Limited access to mental health services puts a person at higher risk of suicide. Sadly, in the U.S. many people face this obstacle due being under- or uninsured.
Community mental health centers can help fill this gap. They normally receive donations and government funding in order to serve the uninsured. Still, due to geographical distance, long wait times for appointments, and other factors, mental health services are not easily accessible to all.
What are some of the things you should look for if you are concerned that someone you care about may be considering suicide as a solution? There are some warning signs you can be on the lookout for. Again, don’t be hesitant to ask the tough question, Are you thinking of hurting yourself?
While this idea makes some people recoil, you can come right out and ask someone if they are having these thoughts. Understandably, non-professionals are hesitant to “go there”.
For one, the subject of suicide is taboo in our culture. Secondly, people fear that asking the question might trigger the thought in someone who is depressed. In other words, people worry that this question will give someone the idea to kill themselves.
It won’t. In fact, showing you care and are willing to touch on sensitive subjects can serve as a protective factor against someone taking their own life.
Some warning signs include what the person says, how they act, and their mood.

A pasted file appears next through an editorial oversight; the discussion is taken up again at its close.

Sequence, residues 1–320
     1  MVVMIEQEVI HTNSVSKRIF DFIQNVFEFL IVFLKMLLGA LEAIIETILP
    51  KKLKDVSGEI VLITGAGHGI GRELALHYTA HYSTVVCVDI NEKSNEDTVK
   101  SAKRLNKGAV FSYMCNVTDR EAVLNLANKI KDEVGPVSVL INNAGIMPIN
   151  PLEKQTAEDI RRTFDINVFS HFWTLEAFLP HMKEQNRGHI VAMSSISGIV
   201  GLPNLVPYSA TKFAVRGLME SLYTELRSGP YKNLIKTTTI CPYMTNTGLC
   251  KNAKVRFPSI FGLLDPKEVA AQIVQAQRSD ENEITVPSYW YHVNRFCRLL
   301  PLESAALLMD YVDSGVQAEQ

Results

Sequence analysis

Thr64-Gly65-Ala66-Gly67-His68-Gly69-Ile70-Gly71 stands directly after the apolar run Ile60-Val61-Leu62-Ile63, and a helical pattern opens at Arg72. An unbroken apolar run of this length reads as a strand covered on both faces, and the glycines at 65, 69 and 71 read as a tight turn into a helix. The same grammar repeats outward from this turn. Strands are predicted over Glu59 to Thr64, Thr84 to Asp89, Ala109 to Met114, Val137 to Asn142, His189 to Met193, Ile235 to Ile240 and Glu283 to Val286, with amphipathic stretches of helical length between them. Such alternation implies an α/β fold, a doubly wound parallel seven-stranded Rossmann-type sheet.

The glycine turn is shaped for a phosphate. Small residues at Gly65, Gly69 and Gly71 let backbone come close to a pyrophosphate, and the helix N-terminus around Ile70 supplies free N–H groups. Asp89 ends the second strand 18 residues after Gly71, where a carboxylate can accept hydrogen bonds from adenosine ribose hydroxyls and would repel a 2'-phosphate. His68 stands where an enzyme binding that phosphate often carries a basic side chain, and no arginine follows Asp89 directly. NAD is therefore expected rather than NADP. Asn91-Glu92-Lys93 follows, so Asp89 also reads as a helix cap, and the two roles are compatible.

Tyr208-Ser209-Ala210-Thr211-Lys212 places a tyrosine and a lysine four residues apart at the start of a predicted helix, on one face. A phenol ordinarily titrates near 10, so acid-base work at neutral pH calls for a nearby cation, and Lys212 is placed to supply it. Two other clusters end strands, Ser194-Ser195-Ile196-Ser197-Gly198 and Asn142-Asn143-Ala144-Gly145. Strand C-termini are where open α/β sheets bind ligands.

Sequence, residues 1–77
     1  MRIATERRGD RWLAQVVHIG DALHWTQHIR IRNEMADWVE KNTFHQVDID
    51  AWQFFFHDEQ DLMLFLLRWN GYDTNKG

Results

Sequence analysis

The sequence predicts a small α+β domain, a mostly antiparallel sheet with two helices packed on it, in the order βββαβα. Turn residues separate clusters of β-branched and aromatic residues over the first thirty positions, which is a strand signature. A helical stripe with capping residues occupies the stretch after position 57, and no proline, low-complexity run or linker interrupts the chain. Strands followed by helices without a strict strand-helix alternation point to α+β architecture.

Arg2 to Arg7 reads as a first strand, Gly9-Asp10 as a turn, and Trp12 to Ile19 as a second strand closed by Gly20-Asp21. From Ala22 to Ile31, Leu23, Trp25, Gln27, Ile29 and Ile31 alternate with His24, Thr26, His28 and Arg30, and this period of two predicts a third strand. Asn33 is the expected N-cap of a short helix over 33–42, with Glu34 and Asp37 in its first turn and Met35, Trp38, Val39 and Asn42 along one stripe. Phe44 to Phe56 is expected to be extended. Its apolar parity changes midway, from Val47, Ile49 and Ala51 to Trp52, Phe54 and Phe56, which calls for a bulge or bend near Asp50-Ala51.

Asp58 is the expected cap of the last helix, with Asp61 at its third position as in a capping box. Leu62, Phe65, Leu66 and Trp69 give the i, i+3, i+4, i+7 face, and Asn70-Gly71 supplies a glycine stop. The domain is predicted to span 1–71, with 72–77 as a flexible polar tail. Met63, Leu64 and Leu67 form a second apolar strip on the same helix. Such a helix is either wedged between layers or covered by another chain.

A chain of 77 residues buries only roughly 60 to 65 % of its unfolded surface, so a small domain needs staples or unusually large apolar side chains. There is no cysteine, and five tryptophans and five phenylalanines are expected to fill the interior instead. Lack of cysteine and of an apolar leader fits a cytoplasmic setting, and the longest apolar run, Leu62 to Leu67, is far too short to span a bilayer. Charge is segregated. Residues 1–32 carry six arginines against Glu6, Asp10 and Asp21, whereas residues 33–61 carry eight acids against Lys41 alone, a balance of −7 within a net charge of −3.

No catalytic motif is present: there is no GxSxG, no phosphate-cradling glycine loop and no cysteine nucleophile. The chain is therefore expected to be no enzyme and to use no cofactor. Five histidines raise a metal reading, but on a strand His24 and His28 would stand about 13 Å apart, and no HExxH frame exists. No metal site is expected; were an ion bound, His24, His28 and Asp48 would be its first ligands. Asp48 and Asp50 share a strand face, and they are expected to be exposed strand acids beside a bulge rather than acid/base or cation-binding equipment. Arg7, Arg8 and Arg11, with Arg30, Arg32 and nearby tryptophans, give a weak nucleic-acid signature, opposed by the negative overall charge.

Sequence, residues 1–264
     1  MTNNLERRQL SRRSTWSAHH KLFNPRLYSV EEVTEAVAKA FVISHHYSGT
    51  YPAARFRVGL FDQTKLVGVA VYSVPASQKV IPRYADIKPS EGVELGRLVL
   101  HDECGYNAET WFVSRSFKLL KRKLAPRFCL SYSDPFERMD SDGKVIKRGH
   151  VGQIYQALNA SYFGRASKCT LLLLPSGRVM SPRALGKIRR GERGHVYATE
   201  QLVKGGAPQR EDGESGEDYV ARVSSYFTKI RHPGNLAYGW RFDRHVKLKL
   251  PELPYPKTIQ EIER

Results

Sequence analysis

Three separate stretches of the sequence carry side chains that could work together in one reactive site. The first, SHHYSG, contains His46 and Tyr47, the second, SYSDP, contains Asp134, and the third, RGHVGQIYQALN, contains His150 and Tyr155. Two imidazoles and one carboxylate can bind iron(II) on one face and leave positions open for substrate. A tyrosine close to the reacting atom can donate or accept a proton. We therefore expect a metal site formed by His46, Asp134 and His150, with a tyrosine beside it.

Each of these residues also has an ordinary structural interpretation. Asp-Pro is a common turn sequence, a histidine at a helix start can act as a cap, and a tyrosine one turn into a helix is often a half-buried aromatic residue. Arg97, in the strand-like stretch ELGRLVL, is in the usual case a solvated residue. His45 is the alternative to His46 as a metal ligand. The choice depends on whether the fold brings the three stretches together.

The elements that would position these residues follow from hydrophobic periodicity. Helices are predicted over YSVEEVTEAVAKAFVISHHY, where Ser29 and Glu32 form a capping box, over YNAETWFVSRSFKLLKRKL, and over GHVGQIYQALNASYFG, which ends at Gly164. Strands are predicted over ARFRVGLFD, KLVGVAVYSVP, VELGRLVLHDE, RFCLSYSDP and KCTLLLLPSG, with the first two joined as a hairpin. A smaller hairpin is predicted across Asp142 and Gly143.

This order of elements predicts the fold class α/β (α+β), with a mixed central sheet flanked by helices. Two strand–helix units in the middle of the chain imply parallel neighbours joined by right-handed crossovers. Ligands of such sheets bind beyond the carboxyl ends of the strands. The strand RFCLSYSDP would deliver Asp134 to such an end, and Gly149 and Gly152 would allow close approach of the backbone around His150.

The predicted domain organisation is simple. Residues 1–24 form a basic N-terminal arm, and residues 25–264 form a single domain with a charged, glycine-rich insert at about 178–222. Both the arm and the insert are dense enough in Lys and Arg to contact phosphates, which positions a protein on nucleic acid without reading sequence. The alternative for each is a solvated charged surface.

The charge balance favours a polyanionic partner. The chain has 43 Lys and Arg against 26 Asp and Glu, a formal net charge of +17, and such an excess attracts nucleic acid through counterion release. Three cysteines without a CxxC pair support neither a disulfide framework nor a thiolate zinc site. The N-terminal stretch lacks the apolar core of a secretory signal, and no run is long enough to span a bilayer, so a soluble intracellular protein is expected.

What They Say
You should always take a reference to suicide seriously, even if the person seems like they are joking. A friend may casually comment they would be better off dead. While the comment may seem benign enough, they may be sending you a signal. They may be asking for help.
There are other things people who are suicidal might say, things like people would be better off without them; or they may say their life will never get better, signaling that they are feeling hopeless.
What They Do
Finding an internet search for ways to commit suicide would obviously be a huge red flag.
Commenting they feel like they are a burden on others may be a sign they are considering suicide as an option.
People who are preparing for suicide might begin to give away things that were once special to them, or they may start saying good-bye to people in their lives. Someone might begin calling and visiting loves ones; or they may simple leave a note.
Notice if there are changes in their behavior. Are they abusing substances? Have they begun to socially isolate and withdraw from others? If they show any of these signs, have they recently purchased a firearm?
When people are considering suicide and finally make the resolve to follow through, they feel a sense of relief and their behavior and mood may suddenly improve. Keep your eyes open for this change in someone who was previously despondent.
What They Feel
The person you are concerned about may directly tell you how they feel, or you may deduce they are feeling a certain way based on their behavior.
Do they make comments or do they seem hopeless about the future, as though things are never going to get better? Do they have other signs of depression like low energy, isolation, fatigue, or irritability? These are all things to be aware of.
Those who are suffering from depression with psychosis are at a higher risk of following through with suicide.
Finally, feeling trapped is another situation which may trigger suicide. For example, someone who feels they have no options or control over their life will be at increased risk of ending their life.
Sadly, not all suicides can be prevented. Some people show few to no signs of these thoughts and act without many warning signals. If you or someone you know has thoughts of hurting themselves, contact The Suicide Prevention Hotline, your local mental health center, or 911. Click on these for the hotline number and for a directory of mental health centers.